Ron Howard’s new blockbuster, In the Heart of the Sea, is the latest retelling of the ill-fated final voyage of the Essex. Two years ago I wrote a blog to coincide with a BBC adaptation of the story, in which I summarised the account of Thomas Nickerson, a teenage boy who partook in that harrowing journey. Howard has used Nickerson as the narrator of his film, and this prompted me to look again at the memoir, which can be found in China, America and the Pacific.

The Rector of Stiffkey: Life as a sideshow
16 December 2015

In 1960 the anthropologist Tom Harrisson returned from Borneo to Blackpool, where 23 years earlier he had directed survey work for Mass Observation. His stay was recorded in the MO book Britain Revisited, which took a shapshot of contemporary British life and compared it to what the ‘mass observers’ had seen and heard in 1937. Much in post-war Blackpool, Harrisson found, was as it had been, but the entertainments on the seafront had changed.

Walt and the world's fair: dreaming up a Disney delight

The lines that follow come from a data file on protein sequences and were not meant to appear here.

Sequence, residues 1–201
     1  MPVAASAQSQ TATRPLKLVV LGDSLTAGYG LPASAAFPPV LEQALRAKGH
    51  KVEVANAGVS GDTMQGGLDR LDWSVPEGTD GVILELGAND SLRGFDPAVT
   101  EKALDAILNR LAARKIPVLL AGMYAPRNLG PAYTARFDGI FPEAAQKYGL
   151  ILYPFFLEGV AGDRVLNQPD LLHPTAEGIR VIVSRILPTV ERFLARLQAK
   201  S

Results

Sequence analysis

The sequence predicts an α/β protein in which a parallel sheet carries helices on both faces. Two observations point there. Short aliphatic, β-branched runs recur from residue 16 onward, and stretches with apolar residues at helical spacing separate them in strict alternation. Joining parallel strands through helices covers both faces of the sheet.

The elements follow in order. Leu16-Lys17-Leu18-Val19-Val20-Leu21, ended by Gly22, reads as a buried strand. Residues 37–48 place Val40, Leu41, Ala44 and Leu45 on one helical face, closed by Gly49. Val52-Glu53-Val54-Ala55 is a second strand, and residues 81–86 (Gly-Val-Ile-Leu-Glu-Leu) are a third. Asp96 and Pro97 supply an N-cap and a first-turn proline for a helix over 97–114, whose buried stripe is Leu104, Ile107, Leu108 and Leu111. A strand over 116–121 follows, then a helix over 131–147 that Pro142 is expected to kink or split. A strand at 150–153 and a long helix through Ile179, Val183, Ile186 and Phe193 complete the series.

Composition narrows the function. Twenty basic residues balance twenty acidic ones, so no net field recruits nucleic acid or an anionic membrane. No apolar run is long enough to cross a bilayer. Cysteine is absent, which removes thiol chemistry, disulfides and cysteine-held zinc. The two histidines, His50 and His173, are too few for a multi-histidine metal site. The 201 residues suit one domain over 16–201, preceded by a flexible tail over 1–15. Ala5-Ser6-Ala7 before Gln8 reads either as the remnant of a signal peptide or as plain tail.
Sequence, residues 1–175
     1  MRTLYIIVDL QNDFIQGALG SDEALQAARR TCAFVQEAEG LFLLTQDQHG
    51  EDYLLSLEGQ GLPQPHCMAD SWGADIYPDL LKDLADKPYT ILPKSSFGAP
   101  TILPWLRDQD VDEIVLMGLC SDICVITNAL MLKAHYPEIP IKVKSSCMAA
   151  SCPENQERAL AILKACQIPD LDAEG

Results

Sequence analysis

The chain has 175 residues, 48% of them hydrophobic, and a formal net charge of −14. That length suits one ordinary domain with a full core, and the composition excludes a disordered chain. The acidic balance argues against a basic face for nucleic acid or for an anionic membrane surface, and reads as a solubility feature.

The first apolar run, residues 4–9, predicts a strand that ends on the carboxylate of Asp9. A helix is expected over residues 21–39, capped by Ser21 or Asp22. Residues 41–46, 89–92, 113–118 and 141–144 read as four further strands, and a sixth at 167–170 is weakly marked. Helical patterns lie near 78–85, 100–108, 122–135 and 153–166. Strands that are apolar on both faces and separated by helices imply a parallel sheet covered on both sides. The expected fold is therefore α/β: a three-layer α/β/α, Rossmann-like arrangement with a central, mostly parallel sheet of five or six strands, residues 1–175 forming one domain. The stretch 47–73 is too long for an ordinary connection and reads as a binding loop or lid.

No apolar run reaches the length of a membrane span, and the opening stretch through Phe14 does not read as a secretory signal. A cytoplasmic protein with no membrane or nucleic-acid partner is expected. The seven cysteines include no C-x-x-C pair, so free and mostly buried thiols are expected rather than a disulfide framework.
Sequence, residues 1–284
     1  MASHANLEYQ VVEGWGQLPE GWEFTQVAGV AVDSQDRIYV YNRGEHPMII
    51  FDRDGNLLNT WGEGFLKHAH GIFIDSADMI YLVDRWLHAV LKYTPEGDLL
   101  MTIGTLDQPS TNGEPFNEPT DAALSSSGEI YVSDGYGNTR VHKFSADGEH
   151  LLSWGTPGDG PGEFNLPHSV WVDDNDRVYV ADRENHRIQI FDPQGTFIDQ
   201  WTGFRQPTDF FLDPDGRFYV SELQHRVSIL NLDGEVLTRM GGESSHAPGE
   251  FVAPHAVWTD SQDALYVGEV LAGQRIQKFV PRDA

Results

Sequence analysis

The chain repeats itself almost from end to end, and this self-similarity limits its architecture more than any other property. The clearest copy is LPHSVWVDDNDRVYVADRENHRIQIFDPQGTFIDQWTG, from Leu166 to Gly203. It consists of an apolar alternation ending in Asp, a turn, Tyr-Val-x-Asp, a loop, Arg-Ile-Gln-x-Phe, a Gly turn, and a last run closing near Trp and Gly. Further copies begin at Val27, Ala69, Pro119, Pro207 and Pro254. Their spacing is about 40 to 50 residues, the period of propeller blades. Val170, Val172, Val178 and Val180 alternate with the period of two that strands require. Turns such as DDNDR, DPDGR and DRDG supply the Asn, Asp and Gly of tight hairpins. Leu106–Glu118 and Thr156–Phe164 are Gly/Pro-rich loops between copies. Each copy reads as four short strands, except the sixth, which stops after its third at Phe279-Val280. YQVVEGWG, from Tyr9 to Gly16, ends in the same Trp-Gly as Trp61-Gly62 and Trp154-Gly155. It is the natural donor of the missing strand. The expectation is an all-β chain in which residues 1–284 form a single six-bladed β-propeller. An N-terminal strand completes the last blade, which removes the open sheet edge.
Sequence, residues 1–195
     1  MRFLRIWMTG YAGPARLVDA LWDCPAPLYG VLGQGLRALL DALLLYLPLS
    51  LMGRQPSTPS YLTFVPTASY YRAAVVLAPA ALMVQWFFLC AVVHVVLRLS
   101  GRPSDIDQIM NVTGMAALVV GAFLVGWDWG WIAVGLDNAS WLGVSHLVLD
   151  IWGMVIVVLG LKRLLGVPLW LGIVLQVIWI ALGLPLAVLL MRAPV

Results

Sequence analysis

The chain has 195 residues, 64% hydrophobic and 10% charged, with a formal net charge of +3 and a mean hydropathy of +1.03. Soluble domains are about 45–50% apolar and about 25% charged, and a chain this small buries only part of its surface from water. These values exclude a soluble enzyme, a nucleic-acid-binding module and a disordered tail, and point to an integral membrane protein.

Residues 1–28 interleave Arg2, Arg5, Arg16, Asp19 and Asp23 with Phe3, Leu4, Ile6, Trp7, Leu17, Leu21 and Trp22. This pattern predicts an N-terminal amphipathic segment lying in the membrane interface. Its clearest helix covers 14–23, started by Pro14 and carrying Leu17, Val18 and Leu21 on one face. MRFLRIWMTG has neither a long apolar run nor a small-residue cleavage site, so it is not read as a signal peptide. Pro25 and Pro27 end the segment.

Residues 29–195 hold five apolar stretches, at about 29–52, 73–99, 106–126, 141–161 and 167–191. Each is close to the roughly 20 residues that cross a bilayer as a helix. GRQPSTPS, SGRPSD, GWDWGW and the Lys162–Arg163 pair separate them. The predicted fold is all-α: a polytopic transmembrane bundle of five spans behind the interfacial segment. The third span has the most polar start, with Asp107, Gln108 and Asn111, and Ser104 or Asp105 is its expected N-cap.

13 November 2015

Walt Disney Parks and Resorts are known the world over for exciting children and adults alike, providing a backdrop for new technology, unparalleled entertainment and constant innovation. Sounds familiar? Ever since the Great Exhibition in 1851, world’s fairs have inspired others, and in the twentieth century the marriage of Walt Disney’s mind to the splendor of the fairs was to prove a winning combination.

The Kill or the Cure: how trade and science changed perceptions of medicinal drugs
26 October 2015

Before the advances in science and trade networks during the nineteenth century, our ancestors, in their isolated communities, had to make sense of the natural world through trial and error. Popular Medicine in America, 1800-1900 documents how physicians used their traditional knowledge of plants and human anatomy to treat ailments, and how they gradually incorporated new ideas and techniques into their cures as science and increased global interaction expanded their understanding.

Fun, Sun and Summer Flings
07 September 2015

Summer in the northern hemisphere is drawing to a close and with it comes the end of peak holiday season. ‘Back to School’ advertisements and darker evenings remind us that the summer holiday is over, but it won’t be long until travel agents are persuading us to book next year’s dream getaway. To cheer myself up in the meantime I’ve been browsing holiday and tourism paraphernalia from the 1960s and dreaming of vacationing in a more glamourous age.